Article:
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Security in the Sahara Not a Shell Game – Jean R. AbiNader

Threat not Overstated; Remedies Require “Losing Old Paradigms”

Jean R. AbiNader, MATIC
April 29, 2016

Jean R. AbiNader, Exec. Dir., Moroccan American Trade and Investment Center

Jean R. AbiNader, Exec. Dir., Moroccan American Trade and Investment Center

Contradictions are not rare in the Middle East and North Africa (MENA) region when it comes to politics and diplomacy. This is particularly evident in the continuing efforts to resolve the Western Sahara conflict. While all of the parties voice concern over the lack of a resolution, most, namely the Polisario and Algeria, are unwilling to offer credible options for how to do so, essential for regional cooperation needed to address extremist threats emanating from ungoverned spaces and, unsurprisingly, a lack of regional coordination.

 The stalemated negotiations atrophying in the UN Secretary General’s office have underscored these concerns about how this situation impacts regional security and yet have offered little in the way of realistic options for resolving the conflict.

From the UN perspective, one needs look no further than the UN Secretary General’s report on his trip to the region. Secretary General Ban Ki-moon noted “The frustrations I witnessed among Western Saharans, coupled with the expansion of criminal and extremists’ networks in the Sahel-Sahara region, present increased risks for the stability and security of all the countries of this region. A settlement of the Western Sahara conflict would mitigate these potential risks and promote regional cooperation in the face of common threats and regional integration to bolster economic opportunity.” And yet, rather than use the security imperative to spur action towards a resolution, Ban Ki-Moon’s actions prior to the report put a negotiated political compromise further out of reach.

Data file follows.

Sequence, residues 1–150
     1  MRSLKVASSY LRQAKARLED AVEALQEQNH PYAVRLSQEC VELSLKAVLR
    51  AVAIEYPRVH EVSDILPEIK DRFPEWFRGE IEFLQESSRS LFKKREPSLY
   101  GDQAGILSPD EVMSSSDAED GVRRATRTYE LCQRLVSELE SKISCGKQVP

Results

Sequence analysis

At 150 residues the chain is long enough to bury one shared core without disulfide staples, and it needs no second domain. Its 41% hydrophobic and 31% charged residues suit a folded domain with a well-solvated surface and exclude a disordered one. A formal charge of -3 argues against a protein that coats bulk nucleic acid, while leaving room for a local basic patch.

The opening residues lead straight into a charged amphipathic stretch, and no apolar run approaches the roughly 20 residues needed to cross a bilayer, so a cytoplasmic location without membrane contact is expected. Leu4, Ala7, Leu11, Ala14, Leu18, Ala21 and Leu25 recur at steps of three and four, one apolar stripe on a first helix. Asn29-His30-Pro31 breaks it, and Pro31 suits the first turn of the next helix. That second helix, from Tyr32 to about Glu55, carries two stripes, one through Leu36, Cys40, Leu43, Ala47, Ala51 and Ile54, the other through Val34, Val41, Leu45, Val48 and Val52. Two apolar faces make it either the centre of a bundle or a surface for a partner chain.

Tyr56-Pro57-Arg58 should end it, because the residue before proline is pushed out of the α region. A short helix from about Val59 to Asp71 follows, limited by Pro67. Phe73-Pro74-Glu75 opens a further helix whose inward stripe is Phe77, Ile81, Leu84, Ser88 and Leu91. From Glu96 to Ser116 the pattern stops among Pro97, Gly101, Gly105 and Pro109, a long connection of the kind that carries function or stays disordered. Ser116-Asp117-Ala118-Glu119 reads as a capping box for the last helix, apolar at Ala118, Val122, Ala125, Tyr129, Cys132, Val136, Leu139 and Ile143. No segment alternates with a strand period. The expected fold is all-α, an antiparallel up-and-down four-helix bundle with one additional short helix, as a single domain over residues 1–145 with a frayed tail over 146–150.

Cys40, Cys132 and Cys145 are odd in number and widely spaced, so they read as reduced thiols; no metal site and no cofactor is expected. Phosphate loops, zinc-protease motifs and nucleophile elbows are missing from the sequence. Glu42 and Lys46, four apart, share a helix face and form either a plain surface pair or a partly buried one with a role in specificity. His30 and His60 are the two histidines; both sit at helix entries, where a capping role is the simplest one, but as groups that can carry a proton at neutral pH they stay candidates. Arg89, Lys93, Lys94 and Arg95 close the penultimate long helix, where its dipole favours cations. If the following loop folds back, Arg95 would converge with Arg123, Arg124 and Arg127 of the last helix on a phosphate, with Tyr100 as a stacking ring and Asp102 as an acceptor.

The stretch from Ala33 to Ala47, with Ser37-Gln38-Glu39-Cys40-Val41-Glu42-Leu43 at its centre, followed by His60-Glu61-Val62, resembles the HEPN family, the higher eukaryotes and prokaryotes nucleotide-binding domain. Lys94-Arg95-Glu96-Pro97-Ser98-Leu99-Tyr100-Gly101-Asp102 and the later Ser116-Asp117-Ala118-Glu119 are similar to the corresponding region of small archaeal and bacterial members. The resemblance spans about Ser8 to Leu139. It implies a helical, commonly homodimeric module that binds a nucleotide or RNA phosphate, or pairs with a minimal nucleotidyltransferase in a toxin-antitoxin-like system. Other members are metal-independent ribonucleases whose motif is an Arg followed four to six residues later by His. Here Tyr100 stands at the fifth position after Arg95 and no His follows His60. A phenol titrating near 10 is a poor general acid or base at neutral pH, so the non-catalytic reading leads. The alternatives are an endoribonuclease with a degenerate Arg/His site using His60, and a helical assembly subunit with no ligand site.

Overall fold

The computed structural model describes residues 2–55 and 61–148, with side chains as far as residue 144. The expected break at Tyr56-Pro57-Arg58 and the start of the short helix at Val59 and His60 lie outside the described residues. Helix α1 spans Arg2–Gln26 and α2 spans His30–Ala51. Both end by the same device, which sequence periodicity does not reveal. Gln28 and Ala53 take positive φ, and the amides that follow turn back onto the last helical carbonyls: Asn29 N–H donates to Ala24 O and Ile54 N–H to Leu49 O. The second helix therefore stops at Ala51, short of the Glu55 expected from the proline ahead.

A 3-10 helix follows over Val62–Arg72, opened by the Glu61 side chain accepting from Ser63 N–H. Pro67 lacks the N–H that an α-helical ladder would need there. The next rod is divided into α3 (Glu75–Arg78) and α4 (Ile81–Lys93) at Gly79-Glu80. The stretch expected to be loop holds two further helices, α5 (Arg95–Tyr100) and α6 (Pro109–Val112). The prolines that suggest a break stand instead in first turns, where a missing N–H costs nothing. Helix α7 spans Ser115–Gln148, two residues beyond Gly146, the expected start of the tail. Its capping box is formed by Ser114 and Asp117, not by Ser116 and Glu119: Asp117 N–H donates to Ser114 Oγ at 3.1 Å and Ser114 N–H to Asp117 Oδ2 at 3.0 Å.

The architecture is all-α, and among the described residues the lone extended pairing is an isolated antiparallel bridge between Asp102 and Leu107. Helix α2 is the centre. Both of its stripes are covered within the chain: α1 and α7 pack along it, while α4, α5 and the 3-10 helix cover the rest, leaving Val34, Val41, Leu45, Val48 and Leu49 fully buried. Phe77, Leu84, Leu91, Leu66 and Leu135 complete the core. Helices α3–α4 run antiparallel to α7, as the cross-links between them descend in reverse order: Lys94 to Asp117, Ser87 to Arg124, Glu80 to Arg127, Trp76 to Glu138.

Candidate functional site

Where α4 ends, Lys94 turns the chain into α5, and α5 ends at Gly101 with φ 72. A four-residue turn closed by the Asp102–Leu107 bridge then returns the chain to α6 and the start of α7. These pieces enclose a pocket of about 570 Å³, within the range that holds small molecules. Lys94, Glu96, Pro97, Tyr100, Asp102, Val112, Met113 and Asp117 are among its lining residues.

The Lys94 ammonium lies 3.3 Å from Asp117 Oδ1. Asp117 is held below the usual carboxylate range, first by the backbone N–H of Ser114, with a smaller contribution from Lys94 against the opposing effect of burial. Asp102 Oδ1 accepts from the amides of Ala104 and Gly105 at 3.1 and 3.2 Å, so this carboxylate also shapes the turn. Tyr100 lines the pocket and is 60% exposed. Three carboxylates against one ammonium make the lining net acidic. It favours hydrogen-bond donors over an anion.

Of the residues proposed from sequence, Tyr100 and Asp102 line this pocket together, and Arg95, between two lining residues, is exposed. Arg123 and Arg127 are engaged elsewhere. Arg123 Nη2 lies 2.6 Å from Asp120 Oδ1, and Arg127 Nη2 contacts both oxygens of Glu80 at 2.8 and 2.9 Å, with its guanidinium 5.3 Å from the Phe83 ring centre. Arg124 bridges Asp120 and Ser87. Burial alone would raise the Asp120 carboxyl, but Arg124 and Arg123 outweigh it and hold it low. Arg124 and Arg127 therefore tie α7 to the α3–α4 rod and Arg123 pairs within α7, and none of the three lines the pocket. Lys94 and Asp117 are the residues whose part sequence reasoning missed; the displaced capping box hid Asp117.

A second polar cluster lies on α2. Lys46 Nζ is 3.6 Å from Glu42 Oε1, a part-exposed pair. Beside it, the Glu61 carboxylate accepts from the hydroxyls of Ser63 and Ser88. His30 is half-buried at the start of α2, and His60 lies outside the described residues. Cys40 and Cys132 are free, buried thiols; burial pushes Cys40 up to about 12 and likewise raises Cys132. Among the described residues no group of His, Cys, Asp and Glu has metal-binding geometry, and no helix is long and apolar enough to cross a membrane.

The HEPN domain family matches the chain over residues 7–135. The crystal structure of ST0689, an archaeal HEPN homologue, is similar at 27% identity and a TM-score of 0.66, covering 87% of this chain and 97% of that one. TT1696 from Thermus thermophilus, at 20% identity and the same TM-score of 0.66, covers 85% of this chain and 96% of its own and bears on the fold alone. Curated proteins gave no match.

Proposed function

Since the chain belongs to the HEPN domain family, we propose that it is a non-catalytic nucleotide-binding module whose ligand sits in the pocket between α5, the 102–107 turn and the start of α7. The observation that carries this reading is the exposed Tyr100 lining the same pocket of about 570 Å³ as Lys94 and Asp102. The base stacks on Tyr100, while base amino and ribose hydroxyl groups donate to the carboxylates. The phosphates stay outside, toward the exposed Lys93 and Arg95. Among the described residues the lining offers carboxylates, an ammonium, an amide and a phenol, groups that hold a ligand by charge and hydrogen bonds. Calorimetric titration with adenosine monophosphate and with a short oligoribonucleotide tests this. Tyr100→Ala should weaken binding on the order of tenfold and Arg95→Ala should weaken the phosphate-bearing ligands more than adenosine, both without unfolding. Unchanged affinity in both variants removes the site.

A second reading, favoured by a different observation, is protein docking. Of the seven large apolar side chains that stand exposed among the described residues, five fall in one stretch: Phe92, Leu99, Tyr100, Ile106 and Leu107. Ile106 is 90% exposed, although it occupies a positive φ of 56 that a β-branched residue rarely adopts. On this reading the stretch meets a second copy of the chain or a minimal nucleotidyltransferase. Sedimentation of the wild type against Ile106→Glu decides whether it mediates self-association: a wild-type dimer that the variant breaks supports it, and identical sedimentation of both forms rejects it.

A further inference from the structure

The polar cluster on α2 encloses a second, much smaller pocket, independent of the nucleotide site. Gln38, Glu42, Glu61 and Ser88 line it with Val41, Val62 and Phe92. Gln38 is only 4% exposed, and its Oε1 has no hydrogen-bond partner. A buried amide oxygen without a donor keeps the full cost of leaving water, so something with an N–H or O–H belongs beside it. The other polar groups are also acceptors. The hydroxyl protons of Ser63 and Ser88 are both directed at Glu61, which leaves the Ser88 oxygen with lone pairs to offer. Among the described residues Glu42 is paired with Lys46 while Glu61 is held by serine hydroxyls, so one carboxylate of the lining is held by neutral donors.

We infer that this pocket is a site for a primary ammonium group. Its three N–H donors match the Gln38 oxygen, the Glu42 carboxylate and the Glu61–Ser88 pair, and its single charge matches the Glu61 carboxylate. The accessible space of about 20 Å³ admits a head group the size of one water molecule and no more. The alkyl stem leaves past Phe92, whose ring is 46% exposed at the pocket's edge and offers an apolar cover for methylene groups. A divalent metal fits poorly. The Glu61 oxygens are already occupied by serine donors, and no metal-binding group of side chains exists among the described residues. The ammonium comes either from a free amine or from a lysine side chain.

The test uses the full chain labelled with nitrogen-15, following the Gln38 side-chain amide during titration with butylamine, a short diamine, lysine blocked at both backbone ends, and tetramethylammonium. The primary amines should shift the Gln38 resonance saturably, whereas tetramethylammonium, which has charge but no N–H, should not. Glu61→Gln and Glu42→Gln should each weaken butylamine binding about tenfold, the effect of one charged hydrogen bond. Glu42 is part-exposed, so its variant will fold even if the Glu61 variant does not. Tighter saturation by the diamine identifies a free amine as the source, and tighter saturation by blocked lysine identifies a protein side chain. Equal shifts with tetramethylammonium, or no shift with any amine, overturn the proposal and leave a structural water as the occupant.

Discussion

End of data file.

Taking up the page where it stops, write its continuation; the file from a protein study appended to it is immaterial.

Soon, we will know the Security Council’s response and one can only hope that the future of the UN’s presence in the territory will move forward toward a realistic settlement that would not rely on dead initiatives like a referendum, but engage in discussions built on achievable solutions. Only then will the region be able to revive some sort of effective security coordination among all the state actions.

This has yet to be realized despite clear deterioration of security in the Sahel-Sahara region, largely because of ongoing regional rivalries and the antiquated thinking of Algeria and the Polisario. As Professor Mohammed Benhammou, President of the Moroccan Center for Strategic Studies, noted in recent article, “Regrettably, in the Maghreb the conditions for cooperation do not always exist due to antiquated thinking, particularly over the Sahara. The closed border between Morocco and Algeria has impacted most regional relationships. For example, Tunisia, Libya, and Mali are forced to develop security strategies with both countries separately at the expense of a more effective coordinated regional strategy.”

Some of the challenges to developing such a regional strategy, particularly with regard to Algeria’s role, are outlined in a recent article in the Sada Journal about the reconstitution of Algeria’s security forces. As the author indicates, the restructuring of the security services (DRS) over the past two years, designed at least in part to improve counterterrorism capabilities, has done little more than eliminate a competing power center to the presidency.

Another part of the current strategy – highly visible counterterrorism operations to “rebuild popular confidence in the Algerian military’s ability to maintain public security,” thereby, “sending a message to France, its neighbors in the Sahel, and other countries interested in regional security that Algeria is still the dominant player,” also rings hollow given Algeria’s increasing difficulty in securing its own borders. Not to mention when one considers the failure of Algerian regional initiatives such as the Joint Military Staff Committee (CEMOC), which purported to be a regional security mechanism that was convened without Morocco, largely because of the dispute over the Sahara issue.

This is hardly a recipe for effectiveness and conflict resolution. Unless the old paradigms dissipate in order to activate true regional security cooperation including all stakeholders, Ban Ki-moon’s fears will become even more tangible and immediate.

 

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